Sec. 5. Within ten days after the service of any such order or di- Appeals. rection of the bureau, any person aggrieved may apply to a judge of the district court for an order restraining its enforcement, and upon not more than thirty days' notice a hearing may be had before such court, or before three impartial expert referees appointed by the court, who shall file their report within ten days after the hearing. The court may alter, annul, or affirm the order or direction complained of; the decision to be based upon the hearing by the court, or upon the report of the referees. Such decisions shall take the place of the original order. In case of affirmance, the losing party shall pay reasonable compensation to the referees, to be fixed by the courts; if the decision be against the order, such compensation shall be paid out of the appropriation for the support of the bureau.
Sec. 6. Whenever the bureau learns of a violation of a local ordinance for the protection of employees it shall give written notice thereof to the proper municipal authorities, and take any steps permissible under the ordinance for its enforcement. If such violation be also a violation of the State law, and such local authorities fail to enforce the ordinance within thirty days after receiving from any person written notice of its violation, the bureau, upon petition of such person, shall investigate the same, and take steps to enforce the law.
SEC. 7. The bureau shall report to the legislature at each regular Reports session. Such report shall contain an account of the doings of the bureau. bureau, the statistics gathered by it, a statement of all violations of law which have come to its knowledge, and any proceedings had in consequence, and such recommendations as the commissioner deems proper. The report shall be printed and distributed as in the case of other executive documents. The commissioner shall also be empowered to issue and have distributed special reports or bulletins on subjects of investigation by the bureau, of special interest to the welfare and prosperity of the State. Such special reports shall be printed as in the case of other executive documents.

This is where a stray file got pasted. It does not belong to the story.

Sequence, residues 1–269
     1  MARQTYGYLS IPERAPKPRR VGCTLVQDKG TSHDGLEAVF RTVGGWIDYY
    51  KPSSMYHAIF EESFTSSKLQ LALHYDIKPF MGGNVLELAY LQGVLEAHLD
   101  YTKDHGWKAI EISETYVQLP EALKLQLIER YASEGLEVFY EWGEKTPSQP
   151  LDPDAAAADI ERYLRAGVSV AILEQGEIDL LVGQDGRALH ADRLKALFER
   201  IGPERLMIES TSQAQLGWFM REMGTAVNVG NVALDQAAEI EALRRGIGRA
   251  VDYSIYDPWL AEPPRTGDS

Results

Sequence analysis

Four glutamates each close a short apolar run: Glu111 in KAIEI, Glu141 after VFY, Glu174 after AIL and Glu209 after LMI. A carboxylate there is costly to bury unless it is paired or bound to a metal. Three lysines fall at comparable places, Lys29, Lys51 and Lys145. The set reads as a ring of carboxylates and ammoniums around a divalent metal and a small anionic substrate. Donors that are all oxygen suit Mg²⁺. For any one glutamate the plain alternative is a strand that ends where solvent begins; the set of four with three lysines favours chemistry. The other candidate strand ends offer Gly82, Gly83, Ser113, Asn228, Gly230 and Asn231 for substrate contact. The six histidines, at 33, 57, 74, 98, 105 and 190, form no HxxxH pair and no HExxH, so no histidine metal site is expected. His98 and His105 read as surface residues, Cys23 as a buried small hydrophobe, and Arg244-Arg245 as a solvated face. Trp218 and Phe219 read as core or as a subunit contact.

SEC. 8. Any officer, agent, or employee of the bureau who shall Offenses. disclose the name of any person supplying information at the request of the bureau shall be guilty of a gross misdemeanor. Any person who, having been duly subpænaed, shall refuse to attend or testify in any hearing held under the direction of said commissioner shall be guilty of a misdemeanor. Any owner or occupant of any factory, mill, workshop, engineering works, store or other place enumerated in section 3 of this act, or the agent of such person, who shall refuse to admit thereto any officer, agent, or employee of the bureau seeking entrance in the discharge of his duty, shall be guilty of a misdemeanor.
SEC. 9. The commissioner shall receive a salary of twenty-six Salaries. hundred dollars per year, the assistant commissioner eighteen hundred dollars; and the statistician thirteen hundred dollars. One of said deputy commissioners shall receive twelve hundred dollars per year, and two of said deputy commissioners shall receive eleven hundred dollars each per year; the five factory inspectors shall receive eleven hundred dollars each per year, and the five assistant factory inspectors shall receive one thousand dollars each per year, and the other employees of the bureau such reasonable pay as the commissioner may fix, not exceeding four dollars per day of actual service. The necessary traveling and other expenses of each shall be paid by the State, but no more than ten thousand dollars in addition to the annual salaries shall be expended by the bureau in any one year.
CHAPTER 456.-Factorice, workshops, etc.--Female inspector.
in- SECTION 1. The commissioner of labor is hereby authorized and
directed to appoint, in addition to the other employees of his de-
Protection of employees as voters, etc.
Laws to be SECTION 191. The legislature shall provide for the protection of passed. the employees of all corporations doing business in this State
from interference with their social, civil, or political rights by
Liability of railroad companies for injuries to employees.
Negligence of SECTION 193. Every employee of any railroad corporation shall superiors ; have the same right and remedies for any injuries suffered by
him from the act or omission of said corporation or its enployees,